$ rm silly.p*
$ ~/downloads/ncbi-blast-2.2.29+/bin/makeblastdb -dbtype prot -in silly.faa -out silly -parse_seqids


Building a new DB, current time: 01/13/2014 15:55:34
New DB name:   silly
New DB title:  silly.faa
Sequence type: Protein
Keep Linkouts: T
Keep MBits: T
Maximum file size: 1000000000B

volume: silly

file: silly.pin
file: silly.phr
file: silly.psq
file: silly.psi
file: silly.psd
file: silly.pog

BLAST Database creation error: Defline lacks a proper ID around line 6

 Good, a clearer error about the identifier with a pipe not following the NCBI style.

Note there is no change to the problems above when trying to use our own IDs:

$ rm silly.p*
$ ~/downloads/ncbi-blast-2.2.29+/bin/makeblastdb -dbtype prot -in silly.faa -out silly
Building a new DB, current time: 01/13/2014 15:53:53
New DB name:   silly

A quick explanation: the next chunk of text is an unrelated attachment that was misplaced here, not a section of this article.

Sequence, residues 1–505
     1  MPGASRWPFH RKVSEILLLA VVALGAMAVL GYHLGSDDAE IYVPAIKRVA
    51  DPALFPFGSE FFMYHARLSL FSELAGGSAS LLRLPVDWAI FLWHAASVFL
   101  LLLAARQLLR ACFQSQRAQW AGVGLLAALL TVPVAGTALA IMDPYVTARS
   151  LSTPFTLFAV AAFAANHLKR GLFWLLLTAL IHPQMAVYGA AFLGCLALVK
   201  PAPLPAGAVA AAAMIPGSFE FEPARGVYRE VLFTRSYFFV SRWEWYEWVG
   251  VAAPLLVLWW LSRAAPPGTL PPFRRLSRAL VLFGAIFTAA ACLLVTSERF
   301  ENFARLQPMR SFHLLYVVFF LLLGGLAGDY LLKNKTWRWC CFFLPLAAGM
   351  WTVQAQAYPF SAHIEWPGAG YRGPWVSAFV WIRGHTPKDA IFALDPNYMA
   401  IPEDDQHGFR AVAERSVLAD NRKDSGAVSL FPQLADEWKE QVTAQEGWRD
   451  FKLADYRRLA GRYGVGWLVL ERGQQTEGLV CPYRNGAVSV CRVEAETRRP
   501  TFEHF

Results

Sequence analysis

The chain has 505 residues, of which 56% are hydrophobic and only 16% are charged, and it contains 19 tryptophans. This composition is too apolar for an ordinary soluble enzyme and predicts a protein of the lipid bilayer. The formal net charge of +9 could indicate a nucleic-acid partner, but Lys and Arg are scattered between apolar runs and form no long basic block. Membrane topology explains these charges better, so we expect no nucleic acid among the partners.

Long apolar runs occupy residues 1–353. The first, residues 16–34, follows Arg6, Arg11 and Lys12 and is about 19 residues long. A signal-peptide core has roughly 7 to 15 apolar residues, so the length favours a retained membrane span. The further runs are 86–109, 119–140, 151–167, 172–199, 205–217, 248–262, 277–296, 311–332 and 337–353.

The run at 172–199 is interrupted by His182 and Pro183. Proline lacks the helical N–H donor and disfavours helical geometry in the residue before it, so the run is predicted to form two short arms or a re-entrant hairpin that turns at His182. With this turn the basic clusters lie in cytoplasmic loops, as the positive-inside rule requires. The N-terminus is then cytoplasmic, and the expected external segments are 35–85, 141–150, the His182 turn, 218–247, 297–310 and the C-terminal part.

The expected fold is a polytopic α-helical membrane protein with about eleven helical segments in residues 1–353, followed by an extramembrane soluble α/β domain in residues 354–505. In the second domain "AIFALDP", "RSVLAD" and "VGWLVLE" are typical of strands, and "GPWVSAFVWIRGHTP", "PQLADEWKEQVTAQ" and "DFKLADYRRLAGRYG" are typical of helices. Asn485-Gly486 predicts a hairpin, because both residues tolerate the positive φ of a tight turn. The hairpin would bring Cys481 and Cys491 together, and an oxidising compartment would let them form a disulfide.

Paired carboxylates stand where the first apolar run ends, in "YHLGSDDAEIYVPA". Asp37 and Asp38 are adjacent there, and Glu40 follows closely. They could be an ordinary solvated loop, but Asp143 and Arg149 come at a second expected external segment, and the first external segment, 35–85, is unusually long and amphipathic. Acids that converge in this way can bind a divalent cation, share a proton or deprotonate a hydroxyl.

New DB title:  silly.faa
Sequence type: Protein
Keep Linkouts: T
Keep MBits: T
Maximum file size: 1000000000B
Adding sequences from FASTA; added 3 sequences in 0.000931978 seconds.
$ ~/downloads/ncbi-blast-2.2.29+/bin/blastdbcmd -entry example2 -db silly
Error: example2: OID not found
BLAST query/options error: Entry not found in BLAST database
Please refer to the BLAST+ user manual.


I've written more about this on a follow up post, BLAST+ should keep its BL_ORD_ID identifiers to itself.

6 comments:

  1. Peter, can you confirm this bug was fixed in the latest 2.2.28+ release?

    "Bug fix: blastdbcmd displaying internal sequence ID for databases built without -parse_seqid"